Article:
Maceo Keeling - SCORE Member, Business Owner and Consultant. Photo: Urban News

We Men

Maceo Keeling - SCORE Member, Business Owner and Consultant. Photo: Urban News
Maceo Keeling – SCORE Member, Business Owner and Consultant. Photo: Urban News
By Maceo Keeling –

Let me start with some basic facts.

Not everybody had a great dad in the home. Many boys never knew their fathers, or they saw them leave, or watched them get locked up or die, long before they reached manhood themselves.

Of course, I am speaking only from my own experience. I knew my father and my grandfather, and I knew of my great-grandfather. The joy, benefit, and power of this knowledge and connection was beyond words, especially for a boy with six sisters and no brothers.

It was clear to me early on that girls and boys are simply different. Not just in the obvious ways, but in how they live in the world. They mature faster than males, they have different needs, they literally have to respond to nature when their bodies tell them so. They also, when they grow up and bear children, nurture life in a way that men can never experience or understand.

So it was important that, when my dad came home from work, he would scoop me up, pound his chest, and say, “We Men!”

I can’t say I knew what he meant at the time, but I did understand that it meant we were different from women.

So what does “We Men” mean to me now, now that I’m a grown man and a father myself? It means that we have an obligation that goes beyond our basic self-preservation and survival. It means we are called to be protectors and providers—regardless of what women say. Men, you can trust and believe that even the most independent woman, who can and often does take care of herself, is comforted knowing that her man can also provide—and that he does not expect her to provide for him.

“We men” means that we are the visionaries. We set a course for our family and ourselves. In the “old days,” it was expected that a husband would look after his family, work hard, “bring home the bacon.” And while in our black communities women always worked as well, the man was expected to be the major breadwinner.

For example, I used to hear the old folks say, “You ain’t no man if you ain’t got land!” Though the circumstances have changed dramatically, the principle holds: you have to establish a foundation of strength and trust that your family can lean on.

How do you do that today? No differently than in earlier times. If you are a single man, establish your word as bedrock for who you are. Fulfill your word with your deeds: do what you say you will do, and do it well. If you have a family, be true to them. Put their needs ahead of your wants: often enough, what you think of as your own needs are just foolish desires for empty pleasure. Take care of your family, your children, your spouse, your parents, and they will take care of you!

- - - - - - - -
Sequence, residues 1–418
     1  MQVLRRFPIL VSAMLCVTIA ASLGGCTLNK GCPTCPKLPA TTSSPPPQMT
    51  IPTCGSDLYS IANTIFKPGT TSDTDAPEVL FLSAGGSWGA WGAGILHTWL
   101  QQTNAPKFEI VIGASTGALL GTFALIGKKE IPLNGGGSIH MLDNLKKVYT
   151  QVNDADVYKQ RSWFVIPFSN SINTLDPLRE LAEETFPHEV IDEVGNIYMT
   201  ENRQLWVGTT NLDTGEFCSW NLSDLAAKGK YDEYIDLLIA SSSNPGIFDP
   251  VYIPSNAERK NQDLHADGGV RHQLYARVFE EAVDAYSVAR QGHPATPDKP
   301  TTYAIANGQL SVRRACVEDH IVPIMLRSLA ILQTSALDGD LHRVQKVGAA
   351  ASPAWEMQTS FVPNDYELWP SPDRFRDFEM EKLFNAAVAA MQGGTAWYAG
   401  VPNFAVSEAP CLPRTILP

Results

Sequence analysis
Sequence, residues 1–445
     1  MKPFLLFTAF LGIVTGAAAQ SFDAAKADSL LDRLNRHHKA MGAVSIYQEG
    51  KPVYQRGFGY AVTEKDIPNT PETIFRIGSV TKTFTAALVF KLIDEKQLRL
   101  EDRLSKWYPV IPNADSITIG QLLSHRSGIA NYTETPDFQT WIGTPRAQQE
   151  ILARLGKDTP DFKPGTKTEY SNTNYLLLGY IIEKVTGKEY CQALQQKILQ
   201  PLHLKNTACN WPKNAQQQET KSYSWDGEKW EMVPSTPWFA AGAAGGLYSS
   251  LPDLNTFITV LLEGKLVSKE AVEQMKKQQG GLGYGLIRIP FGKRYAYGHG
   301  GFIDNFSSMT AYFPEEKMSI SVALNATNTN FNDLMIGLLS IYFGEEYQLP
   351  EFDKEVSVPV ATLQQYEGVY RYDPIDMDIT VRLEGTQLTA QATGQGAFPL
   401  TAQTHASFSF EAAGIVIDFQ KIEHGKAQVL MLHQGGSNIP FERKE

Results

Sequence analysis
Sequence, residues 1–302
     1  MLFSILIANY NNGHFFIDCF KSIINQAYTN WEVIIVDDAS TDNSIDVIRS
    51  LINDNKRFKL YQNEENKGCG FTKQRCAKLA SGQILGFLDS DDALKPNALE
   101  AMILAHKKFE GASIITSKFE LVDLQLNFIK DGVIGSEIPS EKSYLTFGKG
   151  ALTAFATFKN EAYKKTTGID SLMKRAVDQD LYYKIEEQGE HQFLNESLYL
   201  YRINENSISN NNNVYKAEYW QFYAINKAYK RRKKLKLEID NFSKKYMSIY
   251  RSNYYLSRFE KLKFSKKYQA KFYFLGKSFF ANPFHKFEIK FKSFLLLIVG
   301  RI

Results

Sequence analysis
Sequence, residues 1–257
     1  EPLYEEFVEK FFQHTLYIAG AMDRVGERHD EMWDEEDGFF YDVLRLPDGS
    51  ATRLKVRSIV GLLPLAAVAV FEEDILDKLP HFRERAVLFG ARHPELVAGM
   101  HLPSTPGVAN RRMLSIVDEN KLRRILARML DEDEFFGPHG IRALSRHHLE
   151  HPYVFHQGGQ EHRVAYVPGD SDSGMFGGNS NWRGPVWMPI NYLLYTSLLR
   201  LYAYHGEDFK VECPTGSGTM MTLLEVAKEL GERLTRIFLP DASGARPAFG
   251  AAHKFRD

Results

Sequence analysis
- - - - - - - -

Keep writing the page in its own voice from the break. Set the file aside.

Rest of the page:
If you are an older man, established in the world, counsel the young males you meet: they are starving for it. To say that “young men don’t want to hear it” is a trick of the devil; speak the truth, and it will always prevail. Equally important, lead by example. Show them how to behave by how you behave; seeing who you are will teach them to be who they can, and should, become.

Remember this: in reality, there are no great men, only good men who rise to great occasions and circumstances. Are you a good man? Can you rise to a great occasion? Not unless you can rise to the everyday responsibility of being a man!

If you can’t keep your word, don’t put it out there. If you can’t do the job, don’t take it on. Ask yourself if you can shake hands with conviction … if you can look another man or woman, elder or child, friend or stranger, in the eye and say yes or no … and live up to it.

Sound old school? Well, that’s because it worked well enough to become old school. Old school is what lasts, and it lasts because it’s worth keeping. Passing fancies don’t last, because they don’t deserve to! Baggy pants, dreadlocks, throw-back jerseys, biscuits, brims, beanies, and high button shoes … all were fads and trends, but cleanliness and shined shoes with level heels, a matching belt (to hold your pants up) and ironed, collared shirts still capture the attention of most worthwhile females.

Find your truth, find your self, find your word, find your integrity, find your manhood, find your God—and I’ll be first in line to welcome you into the community of men! A community that traces its heritage through my father, and my grandfather, and my great-grandfather, and beyond. The heritage that earns the title, WE MEN!

Remember: You don’t have to be great to get started, but you do have to start to become great!


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The opinions and statements made in this column are solely the opinions of the author and not necessarily those of The Urban News.

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